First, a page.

Pakistan has its own Achilles’ heel. Firstly, no Pashtun worth his salt recognises the Durand Line. Moreover, after the Pakistan army’s assault on the Lal Masjid in 2007, the Tehriq-e-Taliban Pakistan (TTP) has made common cause with other jihadi outfits in Pakistan to challenge the writ of the Pakistan army and the Pakistan state. Unable to directly take on the TTP, the Pakistan army is fomenting tribal animosities between the Mehsud and Waziri tribes in South Waziristan. It is also clear that should a government led by either Imran Khan’s Tehriq-e-Insaf or Nawaz Sharif’s PML (N) assume office after the 2013 elections in Pakistan, one can write off any prospect of the Pakistan army taking action whatsoever against the Haqqani network or other Al-Qaeda-affiliated groups, as the American drawdown in Afghanistan proceeds.

Chinese officials were among the only non-Muslims to meet Mullah Omar in Kandahar in the 1990s, promising him diplomatic recognition and telecom projects. China has maintained contacts with the Quetta Shura in the aftermath of Operation Enduring Freedom. These contacts, with Pakistani facilitation, have reportedly been increasing. Thus, while the Chinese may have misgivings and concerns about a possible return of the Taliban to power in Afghanistan, they appear to believe that their interests in Afghanistan would be protected by Pakistan.

In these circumstances, there are now concerns that if not properly equipped, motivated and backed, the Afghan National Army (ANA) could well lose control of the entire Pashtun belt in the country. This could have serious consequences for the very unity of Afghanistan. It is significant that influential Afghan leaders like Mohammed Atta and Ismail Khan are preparing the ground to be able to defend areas they control, in the event of the ANA being unable to effectively deal with the Taliban challenge. There should also be no doubt that the primary objective of the Taliban would be to seize control of Kandahar because of its importance in Pashtun minds as the traditional and spiritual capital of the country. There would also be efforts by the Taliban to block the line of communications from Khyber to Jalalabad. India would have to work closely with foreign partners, including the US, its NATO allies, Russia, Iran and Saudi Arabia to ensure that the international community remains on course to back the elected government in Afghanistan, economically and militarily.

While India has already provided Afghanistan with substantial economic assistance and is preparing the ground for large-scale investments in areas like iron ore, coal, steel, copper and gold, the military cooperation envisaged in its strategic partnership agreement with Afghanistan remains relatively modest. Indian military analysts, with expertise on Afghanistan’s armed forces, note that in order to ensure that the ANA can stand up to challenges from across the Durand Line, India should readily supply 105 mm Mountain Artillery, armoured personnel carriers, Vijayanta Tanks, apart from transportation, demining and communications equipment. It remains to be seen whether an establishment wedded to its “Aman Ki Asha” illusions will act decisively on major security challenges emerging in our neighbourhood. Equally importantly, India and its partner-states need to recognise that given Pashtun sentiments and historic realities, we should agree that the Durand Line is a “disputed boundary” between Pakistan and Afghanistan, while expressing the hope that the dispute will be resolved peacefully, keeping in view the Pashtun sentiments.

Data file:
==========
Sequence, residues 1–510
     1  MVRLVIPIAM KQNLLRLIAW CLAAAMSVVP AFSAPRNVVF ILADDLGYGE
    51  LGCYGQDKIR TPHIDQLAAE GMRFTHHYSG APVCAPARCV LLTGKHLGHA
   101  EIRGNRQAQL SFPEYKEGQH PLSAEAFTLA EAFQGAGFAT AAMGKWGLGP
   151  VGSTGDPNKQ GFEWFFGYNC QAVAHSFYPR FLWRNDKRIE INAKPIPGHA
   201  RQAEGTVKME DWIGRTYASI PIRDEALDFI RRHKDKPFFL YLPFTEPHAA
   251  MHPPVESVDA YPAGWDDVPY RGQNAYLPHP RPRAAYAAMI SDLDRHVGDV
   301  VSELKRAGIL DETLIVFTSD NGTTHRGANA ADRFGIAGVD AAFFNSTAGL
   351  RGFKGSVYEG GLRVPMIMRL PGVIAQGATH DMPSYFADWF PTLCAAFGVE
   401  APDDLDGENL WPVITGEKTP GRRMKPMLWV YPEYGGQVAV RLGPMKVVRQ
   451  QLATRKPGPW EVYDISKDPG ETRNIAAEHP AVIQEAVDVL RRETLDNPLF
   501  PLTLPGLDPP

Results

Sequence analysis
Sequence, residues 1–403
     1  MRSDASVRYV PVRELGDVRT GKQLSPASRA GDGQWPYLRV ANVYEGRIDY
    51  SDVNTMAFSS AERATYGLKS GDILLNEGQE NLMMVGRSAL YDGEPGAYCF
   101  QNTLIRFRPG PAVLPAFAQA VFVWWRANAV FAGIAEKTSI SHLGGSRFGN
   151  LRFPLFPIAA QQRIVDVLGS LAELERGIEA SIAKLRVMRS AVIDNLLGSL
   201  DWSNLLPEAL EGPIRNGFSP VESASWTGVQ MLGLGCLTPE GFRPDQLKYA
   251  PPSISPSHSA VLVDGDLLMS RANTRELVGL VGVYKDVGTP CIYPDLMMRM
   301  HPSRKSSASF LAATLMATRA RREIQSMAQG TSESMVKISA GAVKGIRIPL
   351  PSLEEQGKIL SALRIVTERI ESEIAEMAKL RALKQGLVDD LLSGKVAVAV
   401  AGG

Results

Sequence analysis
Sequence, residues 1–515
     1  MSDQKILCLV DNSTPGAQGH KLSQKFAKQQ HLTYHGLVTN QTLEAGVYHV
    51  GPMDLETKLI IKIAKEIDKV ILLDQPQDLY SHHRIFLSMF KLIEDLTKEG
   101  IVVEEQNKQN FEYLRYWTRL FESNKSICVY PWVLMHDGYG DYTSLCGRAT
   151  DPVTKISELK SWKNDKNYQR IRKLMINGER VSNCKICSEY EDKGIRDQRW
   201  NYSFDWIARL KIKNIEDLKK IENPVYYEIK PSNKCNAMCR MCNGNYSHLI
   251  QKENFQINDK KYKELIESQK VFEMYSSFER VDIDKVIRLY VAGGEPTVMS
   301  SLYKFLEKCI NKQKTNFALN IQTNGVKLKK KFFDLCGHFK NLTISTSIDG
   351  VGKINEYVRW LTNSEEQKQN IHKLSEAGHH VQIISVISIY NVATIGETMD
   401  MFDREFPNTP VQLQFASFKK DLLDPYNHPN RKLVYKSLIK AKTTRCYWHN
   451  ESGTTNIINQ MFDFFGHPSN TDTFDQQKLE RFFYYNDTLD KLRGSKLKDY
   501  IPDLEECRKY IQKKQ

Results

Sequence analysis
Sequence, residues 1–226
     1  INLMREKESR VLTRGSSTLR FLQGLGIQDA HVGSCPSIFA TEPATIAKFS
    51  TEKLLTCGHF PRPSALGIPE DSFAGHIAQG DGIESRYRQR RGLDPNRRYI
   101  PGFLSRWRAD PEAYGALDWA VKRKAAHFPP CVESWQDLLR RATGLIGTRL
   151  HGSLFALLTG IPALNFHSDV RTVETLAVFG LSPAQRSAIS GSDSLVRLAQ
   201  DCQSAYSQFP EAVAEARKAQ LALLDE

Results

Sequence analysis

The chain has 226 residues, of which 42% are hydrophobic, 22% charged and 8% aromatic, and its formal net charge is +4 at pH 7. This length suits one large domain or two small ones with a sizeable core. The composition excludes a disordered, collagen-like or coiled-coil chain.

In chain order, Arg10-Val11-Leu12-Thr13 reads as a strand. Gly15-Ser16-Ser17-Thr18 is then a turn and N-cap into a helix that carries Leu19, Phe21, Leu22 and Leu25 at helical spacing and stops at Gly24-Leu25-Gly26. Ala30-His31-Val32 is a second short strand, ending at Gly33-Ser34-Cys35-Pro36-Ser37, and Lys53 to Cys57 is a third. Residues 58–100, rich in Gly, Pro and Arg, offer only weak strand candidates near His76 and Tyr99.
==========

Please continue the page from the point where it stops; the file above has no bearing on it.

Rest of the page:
Army to get new assault rifles, junk INSAS
NEW DELHI: The Army is getting ready to dump its indigenous INSAS rifles, which have suffered from glitches since their induction in 1994-95, in favour of new-generation assault rifles with interchangeable barrels for conventional warfare and counter-insurgency operations.

The humble foot-soldiers, often forgotten in the race to buy tanks, submarines and fighters, are also slated to get new close-quarter battle (CBQ) carbines, light machine guns (LMGs), specialized sniper rifles and anti-material "bunker-bursting" rifles.

However, Army chief General Bikram Singh has identified the acquisition of the new assault rifles for the 356 infantry battalions and some other "fighting and support arms" in the 1.13-million force as a "Priority-I" project, say sources.

Defence minister AK Antony told Rajya the Sabha on Wednesday that the project to replace the 5.56mm INSAS rifles was underway since "technological development has created more superior rifles over the years".

Sources say five foreign firms — Colt, Beretta, Sig Sauer, Ceska and Israel Weapon Industries (IWI) — are in the running to partner the Ordnance Factory Board (OFB) in bagging the huge project that would eventually cost over Rs 10,000 crore.

Under it, initially 65,000 rifles will be bought directly from the selected foreign vendor, for an estimated Rs 4,850 crore, to equip the 120 infantry battalions deployed on the western and eastern fronts.

The OFB will subsequently produce over 113,000 rifles after getting transfer of technology (ToT) from the vendor. The project could become even bigger if the eight-lakh-strong paramilitary forces also induct these rifles.

"Technical evaluation of bids submitted by the five firms is over. The field evaluation trials will begin in early-2013. The plan is to begin inducting the new rifles by mid-2014," said a source.

The new rifles, weighing around 3.5-kg, will come with two barrels, apart from night-vision devices, laser designators, detachable under-barrel grenade launchers and the like.

The primary 5.56x45mm barrel will be for conventional warfare. The secondary 7.62x39mm one will be used for counter-insurgency operations due to "their higher rate of fire".